• Tableau Public (web-based, free download)
    • Good for descriptive analytics (bullet graph, treemaps)
    • Drag-and-drop interface that can be taught in minutes
    • “Premium” version (not free) extends utility of software to many other methods, although this server-based version is more geared to business
  • JMP
    • Many displays have drill-down built into them
    • Good for regression trees, neural nets, cluster analysis, and multidimensional scaling (with additional free add-in)
    • Requires SAS or R for some processing; user interface contains some quirks for new and casual users (most of which could be eliminated through the use of custom add-ins)
    • Future versions promise additional capabilities.
Software Resources
can i incorporate any of this into the introductory course
Could add some of the descriptive analytics into the introductory course
    • Drill down and subsetting
    • Perhaps one graph that summarize volume and velocity
    • Show-and-tell to illustrate information design and/or “sexiness” versus usefulness issue
  • Could add binary logistic regression if your course covers multiple regression and mentions binary logistic regression, but this will not be feasible in most cases
  • “Funny, you should ask that question….”
Can I Incorporate Any of This Into the Introductory Course?
references
Berenson, M. L., D. M. Levine, and K. A. Szabat. Basic Business Statistics 13th edition. Upper Saddle River: Pearson Education, forthcoming January 2014.
  • Breiman, L., J. Friedman, C. J. Stone, and R. A. Olshen. Classification and Regression Trees. London: Chapman and Hall, 1984.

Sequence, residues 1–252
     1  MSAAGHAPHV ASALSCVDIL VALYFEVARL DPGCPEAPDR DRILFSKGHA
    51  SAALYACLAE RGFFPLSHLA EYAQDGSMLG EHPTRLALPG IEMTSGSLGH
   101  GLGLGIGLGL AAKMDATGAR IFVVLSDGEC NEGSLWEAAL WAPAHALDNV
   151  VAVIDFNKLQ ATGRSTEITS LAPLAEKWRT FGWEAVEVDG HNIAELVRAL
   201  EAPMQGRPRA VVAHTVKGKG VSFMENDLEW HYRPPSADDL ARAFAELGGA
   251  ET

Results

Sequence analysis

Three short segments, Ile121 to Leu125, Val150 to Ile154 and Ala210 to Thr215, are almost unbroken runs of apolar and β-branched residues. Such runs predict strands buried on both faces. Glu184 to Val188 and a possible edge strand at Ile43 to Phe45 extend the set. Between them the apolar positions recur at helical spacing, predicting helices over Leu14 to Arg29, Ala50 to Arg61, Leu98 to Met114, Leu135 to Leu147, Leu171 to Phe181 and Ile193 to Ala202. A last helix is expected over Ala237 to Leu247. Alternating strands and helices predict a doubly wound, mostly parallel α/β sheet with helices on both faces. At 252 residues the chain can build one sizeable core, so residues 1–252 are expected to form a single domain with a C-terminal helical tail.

• Cox, T. F., and M. A. Cox. Multidimensional Scaling, Second edition. Boca Raton, FL: CRC Press, 2010.
  • Everitt, B. S., S. Landau, and M. Leese. Cluster Analysis, Fifth edition. New York: John Wiley, 2011.
  • Few, S. Information Dashboard Design: Displaying Data for At-a-Glance Monitoring, Second edition. Burlingame, CA: Analytics Press, 2013.
  • Hakimpoor, H., K. Arshad, H. Tat, N. Khani, and M. Rahmandoust. “Artificial Neural Network Application in Management.” World Applied Sciences Journal, 2011, 14(7): 1008–1019.
  • R. Klimberg, and B. D. McCullough. Fundamentals of Predictive Analytics with JMP. Cary, NC: SAS Press. 2013
  • Lindoff, G., and M. Berry. Data Mining Techniques: For Marketing, Sales, and Customer Relationship Management. Hoboken, NJ: Wiley Publishing, Inc., 2011.
  • Loh, W. Y. “Fifty years of classification and regression trees.” International Statistical Review, 2013, in press
  • Tufte, E. Beautiful Evidence. Cheshire, CT: Graphics Press, 2006.
References
further information or contact
Contact us at analytics@davidlevinestatistics.com
  • Visit analytics.davidlevinestatistics.com for
    • Today’s slides including references
    • A preview of some of our current work in this area
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Further Information or Contact